Is your professor asking you to write an annotated bibliography? Are you clueless? You’ve come to the right place. The world of bibliographies can be a difficult web to weave, especially when you are talking about annotated bibliographies. Take a deep breath and get ready. You’re going to learn everything you need to know to make an annotated bibliography in MLA 8 style.
What Is an Annotated Bibliography?
MLA typically uses a works cited. But there might come a time when a professor asks you for an annotated bibliography, too. An annotated bibliography just takes your references to the next level. In addition to providing citation, it gives you more information through an annotation: a fancy word for further explanation.
The Use and Difference
A standard bibliography provides basic information about your source. You have the author, title and publication information. But, sometimes that’s not enough. An annotated bibliography can provide a more in-depth study or evaluation.
In the process of creating your paper, you have become a topic expert. Show the world your expertise. Demonstrate why the source was perfect for your audience, and for the central theme of the article or book. It also allows you to show how this work compares to others you’ve discussed.
Creating an Annotated Bibliography in MLA
Before looking at the steps to creating an annotated bibliography, there are a few things to remember about formatting.
- Double-space your annotated bibliography.
- Annotated bibliographies don’t have specific guidelines in the 8th edition MLA handbook for making quotes. Therefore, if you need to include quotes, keep them short.
- Use hanging indents for citation. The first line will start on the left margin, but consecutive lines will be indented four spaces.
- Indent the beginning of the annotation.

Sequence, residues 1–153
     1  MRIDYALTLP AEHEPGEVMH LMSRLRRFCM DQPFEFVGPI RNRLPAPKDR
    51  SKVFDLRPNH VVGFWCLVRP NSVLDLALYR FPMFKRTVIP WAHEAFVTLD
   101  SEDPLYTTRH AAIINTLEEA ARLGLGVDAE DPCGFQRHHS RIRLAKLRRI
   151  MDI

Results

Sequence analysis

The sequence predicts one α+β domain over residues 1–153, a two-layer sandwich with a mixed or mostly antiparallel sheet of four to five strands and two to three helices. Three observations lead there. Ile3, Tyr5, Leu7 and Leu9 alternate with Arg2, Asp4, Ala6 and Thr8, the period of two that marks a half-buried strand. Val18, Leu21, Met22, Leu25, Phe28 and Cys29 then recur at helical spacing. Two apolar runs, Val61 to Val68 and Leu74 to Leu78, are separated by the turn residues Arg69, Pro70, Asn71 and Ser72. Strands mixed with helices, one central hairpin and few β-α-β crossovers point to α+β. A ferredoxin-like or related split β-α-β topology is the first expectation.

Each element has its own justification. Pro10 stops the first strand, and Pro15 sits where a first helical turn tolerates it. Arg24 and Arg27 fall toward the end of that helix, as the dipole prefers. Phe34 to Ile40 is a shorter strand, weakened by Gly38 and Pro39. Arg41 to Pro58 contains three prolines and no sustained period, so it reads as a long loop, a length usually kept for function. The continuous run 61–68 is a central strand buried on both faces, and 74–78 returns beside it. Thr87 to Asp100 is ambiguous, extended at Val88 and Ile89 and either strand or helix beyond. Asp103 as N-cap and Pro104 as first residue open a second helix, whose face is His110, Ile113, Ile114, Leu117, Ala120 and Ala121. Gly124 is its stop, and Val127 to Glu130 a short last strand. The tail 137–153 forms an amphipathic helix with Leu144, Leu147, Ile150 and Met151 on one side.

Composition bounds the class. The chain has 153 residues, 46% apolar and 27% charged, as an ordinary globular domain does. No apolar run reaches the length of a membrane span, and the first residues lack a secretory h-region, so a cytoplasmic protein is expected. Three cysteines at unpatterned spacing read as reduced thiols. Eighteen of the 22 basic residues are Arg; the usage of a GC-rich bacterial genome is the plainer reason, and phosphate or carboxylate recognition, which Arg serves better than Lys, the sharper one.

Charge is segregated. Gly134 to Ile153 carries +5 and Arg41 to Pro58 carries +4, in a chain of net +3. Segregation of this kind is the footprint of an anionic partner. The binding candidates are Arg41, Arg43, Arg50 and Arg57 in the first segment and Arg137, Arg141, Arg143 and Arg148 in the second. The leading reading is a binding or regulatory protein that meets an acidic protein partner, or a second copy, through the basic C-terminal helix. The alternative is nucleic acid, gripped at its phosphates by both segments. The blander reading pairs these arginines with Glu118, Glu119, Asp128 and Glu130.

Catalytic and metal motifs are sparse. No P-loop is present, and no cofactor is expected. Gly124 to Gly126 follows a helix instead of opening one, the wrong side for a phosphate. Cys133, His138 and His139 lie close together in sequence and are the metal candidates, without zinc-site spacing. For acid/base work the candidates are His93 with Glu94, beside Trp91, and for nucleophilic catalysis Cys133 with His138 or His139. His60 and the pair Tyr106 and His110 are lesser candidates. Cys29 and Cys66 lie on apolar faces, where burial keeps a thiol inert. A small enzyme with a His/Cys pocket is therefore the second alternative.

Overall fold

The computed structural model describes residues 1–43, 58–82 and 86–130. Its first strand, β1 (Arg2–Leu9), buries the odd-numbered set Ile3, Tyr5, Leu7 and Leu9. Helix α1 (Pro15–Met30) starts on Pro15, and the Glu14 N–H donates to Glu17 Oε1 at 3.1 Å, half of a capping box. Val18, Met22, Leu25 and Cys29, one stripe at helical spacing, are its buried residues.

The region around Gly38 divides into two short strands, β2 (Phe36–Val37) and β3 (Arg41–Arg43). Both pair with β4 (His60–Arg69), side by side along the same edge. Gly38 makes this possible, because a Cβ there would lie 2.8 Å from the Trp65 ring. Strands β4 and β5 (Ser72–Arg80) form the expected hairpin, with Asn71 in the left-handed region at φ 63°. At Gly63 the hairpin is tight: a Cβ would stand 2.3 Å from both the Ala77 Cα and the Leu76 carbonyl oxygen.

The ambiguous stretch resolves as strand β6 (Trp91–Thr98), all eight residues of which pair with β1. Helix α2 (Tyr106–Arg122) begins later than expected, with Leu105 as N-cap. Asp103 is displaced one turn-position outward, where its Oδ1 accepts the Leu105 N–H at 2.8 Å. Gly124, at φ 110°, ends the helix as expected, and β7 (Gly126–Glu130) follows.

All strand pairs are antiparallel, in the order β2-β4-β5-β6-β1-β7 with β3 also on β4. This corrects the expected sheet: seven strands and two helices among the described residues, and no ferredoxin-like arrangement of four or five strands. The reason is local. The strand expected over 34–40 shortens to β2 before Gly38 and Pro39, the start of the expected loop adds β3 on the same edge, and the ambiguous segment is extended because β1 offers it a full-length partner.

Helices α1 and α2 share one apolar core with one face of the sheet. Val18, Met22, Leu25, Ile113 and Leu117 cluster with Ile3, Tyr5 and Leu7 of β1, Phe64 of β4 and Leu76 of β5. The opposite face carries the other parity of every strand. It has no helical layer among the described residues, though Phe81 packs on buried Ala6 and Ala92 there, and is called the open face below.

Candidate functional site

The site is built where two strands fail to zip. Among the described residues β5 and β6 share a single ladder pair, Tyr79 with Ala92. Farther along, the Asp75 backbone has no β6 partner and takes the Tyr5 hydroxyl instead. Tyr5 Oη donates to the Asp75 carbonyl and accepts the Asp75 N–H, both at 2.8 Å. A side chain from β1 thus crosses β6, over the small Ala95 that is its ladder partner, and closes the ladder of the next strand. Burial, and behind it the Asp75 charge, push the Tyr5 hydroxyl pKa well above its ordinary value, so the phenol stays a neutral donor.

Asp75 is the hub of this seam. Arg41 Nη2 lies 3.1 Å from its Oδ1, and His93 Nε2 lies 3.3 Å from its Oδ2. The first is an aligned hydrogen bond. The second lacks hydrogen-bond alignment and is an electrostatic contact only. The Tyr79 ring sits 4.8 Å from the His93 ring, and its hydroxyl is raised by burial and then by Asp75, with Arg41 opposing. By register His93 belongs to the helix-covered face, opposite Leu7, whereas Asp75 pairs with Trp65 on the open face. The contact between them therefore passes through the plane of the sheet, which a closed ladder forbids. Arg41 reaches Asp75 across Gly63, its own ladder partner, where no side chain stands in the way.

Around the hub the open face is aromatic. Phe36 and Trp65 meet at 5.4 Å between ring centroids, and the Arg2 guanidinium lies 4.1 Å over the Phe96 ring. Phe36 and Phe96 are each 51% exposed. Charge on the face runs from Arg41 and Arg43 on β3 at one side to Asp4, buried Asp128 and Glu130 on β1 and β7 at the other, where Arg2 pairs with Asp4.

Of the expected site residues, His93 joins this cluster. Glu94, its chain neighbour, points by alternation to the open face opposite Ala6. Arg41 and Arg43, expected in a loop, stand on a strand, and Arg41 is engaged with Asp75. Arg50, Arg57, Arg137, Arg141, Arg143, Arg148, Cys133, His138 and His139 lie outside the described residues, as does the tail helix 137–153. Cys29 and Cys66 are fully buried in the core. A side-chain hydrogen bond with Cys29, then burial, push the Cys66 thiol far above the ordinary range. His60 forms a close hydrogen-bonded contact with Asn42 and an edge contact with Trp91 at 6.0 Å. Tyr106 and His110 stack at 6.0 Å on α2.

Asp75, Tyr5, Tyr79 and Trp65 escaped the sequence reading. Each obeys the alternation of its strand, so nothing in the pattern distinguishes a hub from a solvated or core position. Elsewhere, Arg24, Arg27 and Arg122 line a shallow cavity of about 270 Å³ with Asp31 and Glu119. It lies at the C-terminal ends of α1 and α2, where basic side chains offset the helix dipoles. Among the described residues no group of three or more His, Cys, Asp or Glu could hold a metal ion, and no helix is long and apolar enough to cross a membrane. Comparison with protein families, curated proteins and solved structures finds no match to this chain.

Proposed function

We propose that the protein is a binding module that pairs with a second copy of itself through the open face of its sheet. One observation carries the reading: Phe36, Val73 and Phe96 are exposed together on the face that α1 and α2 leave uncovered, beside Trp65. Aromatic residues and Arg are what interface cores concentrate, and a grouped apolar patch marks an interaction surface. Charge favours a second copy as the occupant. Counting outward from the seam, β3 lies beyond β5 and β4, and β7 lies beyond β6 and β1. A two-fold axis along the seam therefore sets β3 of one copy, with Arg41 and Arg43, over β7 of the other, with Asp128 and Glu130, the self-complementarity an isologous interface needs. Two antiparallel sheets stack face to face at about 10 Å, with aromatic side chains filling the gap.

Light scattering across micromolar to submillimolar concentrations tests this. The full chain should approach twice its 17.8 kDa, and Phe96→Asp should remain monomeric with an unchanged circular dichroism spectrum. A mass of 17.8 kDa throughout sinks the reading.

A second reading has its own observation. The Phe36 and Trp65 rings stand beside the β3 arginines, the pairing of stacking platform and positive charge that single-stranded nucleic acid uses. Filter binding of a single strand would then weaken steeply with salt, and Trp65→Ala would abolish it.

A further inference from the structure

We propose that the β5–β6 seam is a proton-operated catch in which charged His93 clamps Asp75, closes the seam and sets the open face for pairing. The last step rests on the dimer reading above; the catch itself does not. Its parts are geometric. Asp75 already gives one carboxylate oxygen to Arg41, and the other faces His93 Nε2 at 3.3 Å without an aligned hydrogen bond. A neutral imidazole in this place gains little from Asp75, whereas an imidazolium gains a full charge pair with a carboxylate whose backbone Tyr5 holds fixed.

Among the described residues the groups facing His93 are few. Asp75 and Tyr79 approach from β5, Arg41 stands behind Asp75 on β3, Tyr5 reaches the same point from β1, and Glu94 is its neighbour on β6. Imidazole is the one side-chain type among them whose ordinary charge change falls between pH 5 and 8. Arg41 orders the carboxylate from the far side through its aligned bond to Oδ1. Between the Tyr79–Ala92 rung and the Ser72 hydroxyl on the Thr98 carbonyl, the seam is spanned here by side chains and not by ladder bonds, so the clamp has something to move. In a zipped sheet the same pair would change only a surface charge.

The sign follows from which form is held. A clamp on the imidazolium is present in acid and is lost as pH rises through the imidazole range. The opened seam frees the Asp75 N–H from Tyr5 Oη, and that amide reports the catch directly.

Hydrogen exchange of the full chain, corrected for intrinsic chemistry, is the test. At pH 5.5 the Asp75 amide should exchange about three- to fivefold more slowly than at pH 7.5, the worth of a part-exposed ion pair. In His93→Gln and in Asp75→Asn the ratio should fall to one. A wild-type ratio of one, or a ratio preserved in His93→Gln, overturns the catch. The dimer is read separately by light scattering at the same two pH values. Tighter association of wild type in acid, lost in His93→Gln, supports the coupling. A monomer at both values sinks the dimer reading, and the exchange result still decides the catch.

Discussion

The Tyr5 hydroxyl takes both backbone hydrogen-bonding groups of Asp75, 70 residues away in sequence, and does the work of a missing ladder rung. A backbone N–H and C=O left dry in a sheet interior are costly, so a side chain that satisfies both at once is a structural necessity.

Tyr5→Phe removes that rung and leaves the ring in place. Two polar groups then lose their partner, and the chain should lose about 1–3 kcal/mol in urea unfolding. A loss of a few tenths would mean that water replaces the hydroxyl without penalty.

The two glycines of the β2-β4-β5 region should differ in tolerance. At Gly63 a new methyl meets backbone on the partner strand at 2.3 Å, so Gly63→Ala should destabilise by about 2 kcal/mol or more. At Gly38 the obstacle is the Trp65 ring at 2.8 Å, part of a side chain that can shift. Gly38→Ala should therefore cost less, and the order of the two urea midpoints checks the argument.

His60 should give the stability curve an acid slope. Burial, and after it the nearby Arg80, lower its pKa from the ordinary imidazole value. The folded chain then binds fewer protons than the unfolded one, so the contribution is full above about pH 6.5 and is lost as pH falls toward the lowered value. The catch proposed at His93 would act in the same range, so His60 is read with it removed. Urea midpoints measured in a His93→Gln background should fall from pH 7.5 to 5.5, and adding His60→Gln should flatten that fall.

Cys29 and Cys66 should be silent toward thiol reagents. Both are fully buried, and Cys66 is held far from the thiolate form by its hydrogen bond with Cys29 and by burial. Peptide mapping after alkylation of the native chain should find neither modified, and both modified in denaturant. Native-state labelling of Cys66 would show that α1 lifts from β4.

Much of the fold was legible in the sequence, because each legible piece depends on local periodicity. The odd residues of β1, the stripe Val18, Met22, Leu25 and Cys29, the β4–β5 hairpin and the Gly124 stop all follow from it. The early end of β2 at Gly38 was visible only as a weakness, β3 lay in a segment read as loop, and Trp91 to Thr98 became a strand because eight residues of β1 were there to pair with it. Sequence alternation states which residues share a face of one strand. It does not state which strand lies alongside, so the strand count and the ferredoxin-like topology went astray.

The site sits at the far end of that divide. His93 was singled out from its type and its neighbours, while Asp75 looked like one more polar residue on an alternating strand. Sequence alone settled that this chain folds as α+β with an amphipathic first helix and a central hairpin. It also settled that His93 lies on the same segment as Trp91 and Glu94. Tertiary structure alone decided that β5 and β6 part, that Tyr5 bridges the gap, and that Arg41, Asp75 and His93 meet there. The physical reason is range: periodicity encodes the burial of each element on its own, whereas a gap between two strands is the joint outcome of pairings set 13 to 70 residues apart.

- The annotation is typically between 100 and 300 words.
- Title the page “Annotated Bibliography.”
Now, that you know how to format MLA citations, it is time to begin writing.
Step 1: Create Your Citation
Citations will vary depending on what you are citing. For example, the format for citing a book will be different than a magazine. MLA breaks down the core elements of your citation to author, title, title of container, contributors, version, number, publisher, publication date and location. For a website or digital file, a URL might be included as well. Check out an example:
Step 2: Create the Annotation
Creating the annotation is the pivotal part. This is an annotated bibliography after all. The first thing to think about is whether this is a summary annotation or evaluative annotation. Per their names, the summary annotation provides a summary while an evaluative annotation evaluates the work. Examine each one in more depth:
- Summary Annotation: This type will summarize the source for the readers, letting them know the central theme of the book, plus information about the author and the audience the book was designed for.
- Evaluative Annotation: Beyond just a quick summary, this type of annotation allows you to go into more depth about the author, including any expertise and bias they have. It might compare the work to other works and delve into why it was used for the topic along with strengths and weaknesses you found.
An example of a summary annotation might look like:
This story explores the way that pride and prejudice affect the relationship of Elizabeth and Mr. Darcy, along with other characters in the book. Written by Jane Austin, it is a…
Difference in MLA
MLA was designed for humanities writers. These are the people that write about literature, philosophy and cultural science, to name a few. In these areas, you’ll see writers comparing one work to another. This means that this type of writing will be more focused on the writer of sources and where to find them, which is where citations focus.
While an MLA annotated bibliography might look terrifying, remember you are an expert. You’ve done the research and have all the skills to prove to your audience why this source was perfect for your paper.